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The Cambridge Companion to Brass Instruments
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  • Cited by 4
  • Cited by
    This book has been cited by the following publications. This list is generated based on data provided by CrossRef.

    Herbert, Trevor Myers, Arnold and Wallace, John 2018. The Cambridge Encyclopedia of Brass Instruments.

    Cohen, M. Ashkenazi, D. Kahanov, Y. Stern, A. Klein, S. and Cvikel, D. 2015. The Brass Nails of the Akko Tower Wreck (Israel): Archaeometallurgical Analyses. Metallography, Microstructure, and Analysis, Vol. 4, Issue. 3, p. 188.

    Smith, David J. and Blundel, Richard K. 2014. Improvisation and Entrepreneurial Bricolage versus Rationalisation: A case-based analysis of contrasting responses to economic instability in the UK brass musical instruments industry. Journal of General Management, Vol. 40, Issue. 1, p. 53.

    Ashkenazi, D. Cvikel, D. Stern, A. Pasternak, A. Barkai, O. Aronson, A. and Kahanov, Y. 2014. Archaeometallurgical Investigation of Joining Processes of Metal Objects from Shipwrecks: Three Test Cases. Metallography, Microstructure, and Analysis, Vol. 3, Issue. 5, p. 349.

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Book description

This Companion covers many diverse aspects of brass instruments and in such detail. It provides an overview of the history of brass instruments, and their technical and musical development. Although the greatest part of the volume is devoted to the western art music tradition, with chapters covering topics from the medieval to the contemporary periods, there are important contributions on the ancient world, non-western music, vernacular and popular traditions and the rise of jazz. Despite the breadth of its narrative, the book is rich in detail, with an extensive glossary and bibliography. The editors are two of the most respected names in the world of brass performance and scholarship, and the list of contributors includes the names of many of the world's most prestigious scholars and performers on brass instruments.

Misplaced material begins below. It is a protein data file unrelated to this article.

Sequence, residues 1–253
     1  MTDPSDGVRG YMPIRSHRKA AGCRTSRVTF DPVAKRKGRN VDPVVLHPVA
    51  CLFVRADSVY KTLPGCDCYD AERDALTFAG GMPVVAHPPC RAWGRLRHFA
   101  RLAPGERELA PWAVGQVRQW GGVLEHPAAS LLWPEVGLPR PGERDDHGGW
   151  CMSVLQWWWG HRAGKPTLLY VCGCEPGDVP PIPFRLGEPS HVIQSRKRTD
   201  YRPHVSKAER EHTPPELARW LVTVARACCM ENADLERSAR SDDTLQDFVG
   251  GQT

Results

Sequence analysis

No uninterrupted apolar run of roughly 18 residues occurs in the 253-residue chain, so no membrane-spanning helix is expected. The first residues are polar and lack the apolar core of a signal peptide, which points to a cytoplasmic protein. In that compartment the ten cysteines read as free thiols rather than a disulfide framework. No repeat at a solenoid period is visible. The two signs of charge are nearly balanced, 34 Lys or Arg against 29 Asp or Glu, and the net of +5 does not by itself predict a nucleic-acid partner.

Reviews

‘The narrative is rich in detail, supported by an extensive glossary and bibliography. It is surely a book that will quickly find its way onto the bookshelves not only of the serious brass student, for whom it will become essential reading, but also of those readers with a more casual interest in the history and development of the instruments we play today.’

Source: Brass Band World

‘This encyclopaedic volume is long overdue, providing some long-range retrospection now that the technical development of brass instruments is over … this is essential reading for any serious player, conservatoire student or keen listener’.

Source: BBC Music Magazine

‘This book is quite simply the most important on the subject since anthony Baines’ classic Brass Instruments: their history and development appeared a generation ago … infectious in its enthusiasm, comprehensible to a layman, and entirely absorbing.’

John Humphries Source: Brass Bulletin

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